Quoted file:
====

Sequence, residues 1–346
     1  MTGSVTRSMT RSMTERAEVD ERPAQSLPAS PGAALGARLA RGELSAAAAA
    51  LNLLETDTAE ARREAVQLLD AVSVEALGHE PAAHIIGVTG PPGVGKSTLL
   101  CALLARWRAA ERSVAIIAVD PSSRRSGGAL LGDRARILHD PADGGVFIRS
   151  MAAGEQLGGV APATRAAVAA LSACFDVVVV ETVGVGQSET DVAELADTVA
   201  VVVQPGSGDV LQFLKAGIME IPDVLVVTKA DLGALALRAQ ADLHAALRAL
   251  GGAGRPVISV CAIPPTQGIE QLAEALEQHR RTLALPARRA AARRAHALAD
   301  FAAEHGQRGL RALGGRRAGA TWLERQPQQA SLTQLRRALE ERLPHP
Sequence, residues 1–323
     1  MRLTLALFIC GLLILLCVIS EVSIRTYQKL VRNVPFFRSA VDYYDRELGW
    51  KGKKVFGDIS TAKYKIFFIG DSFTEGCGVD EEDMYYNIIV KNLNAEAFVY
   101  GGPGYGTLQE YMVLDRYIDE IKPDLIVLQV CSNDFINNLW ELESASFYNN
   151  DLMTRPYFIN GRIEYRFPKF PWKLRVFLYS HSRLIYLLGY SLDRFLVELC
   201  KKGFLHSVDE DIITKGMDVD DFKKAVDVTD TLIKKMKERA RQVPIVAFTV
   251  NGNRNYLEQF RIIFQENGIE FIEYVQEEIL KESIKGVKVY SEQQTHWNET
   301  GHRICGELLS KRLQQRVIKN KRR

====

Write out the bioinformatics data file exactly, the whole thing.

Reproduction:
Sequence, residues 1–346
     1  MTGSVTRSMT RSMTERAEVD ERPAQSLPAS PGAALGARLA RGELSAAAAA
    51  LNLLETDTAE ARREAVQLLD AVSVEALGHE PAAHIIGVTG PPGVGKSTLL
   101  CALLARWRAA ERSVAIIAVD PSSRRSGGAL LGDRARILHD PADGGVFIRS
   151  MAAGEQLGGV APATRAAVAA LSACFDVVVV ETVGVGQSET DVAELADTVA
   201  VVVQPGSGDV LQFLKAGIME IPDVLVVTKA DLGALALRAQ ADLHAALRAL
   251  GGAGRPVISV CAIPPTQGIE QLAEALEQHR RTLALPARRA AARRAHALAD
   301  FAAEHGQRGL RALGGRRAGA TWLERQPQQA SLTQLRRALE ERLPHP
Sequence, residues 1–323
     1  MRLTLALFIC GLLILLCVIS EVSIRTYQKL VRNVPFFRSA VDYYDRELGW
    51  KGKKVFGDIS TAKYKIFFIG DSFTEGCGVD EEDMYYNIIV KNLNAEAFVY
   101  GGPGYGTLQE YMVLDRYIDE IKPDLIVLQV CSNDFINNLW ELESASFYNN
   151  DLMTRPYFIN GRIEYRFPKF PWKLRVFLYS HSRLIYLLGY SLDRFLVELC
   201  KKGFLHSVDE DIITKGMDVD DFKKAVDVTD TLIKKMKERA RQVPIVAFTV
   251  NGNRNYLEQF RIIFQENGIE FIEYVQEEIL KESIKGVKVY SEQQTHWNET
   301  GHRICGELLS KRLQQRVIKN KRR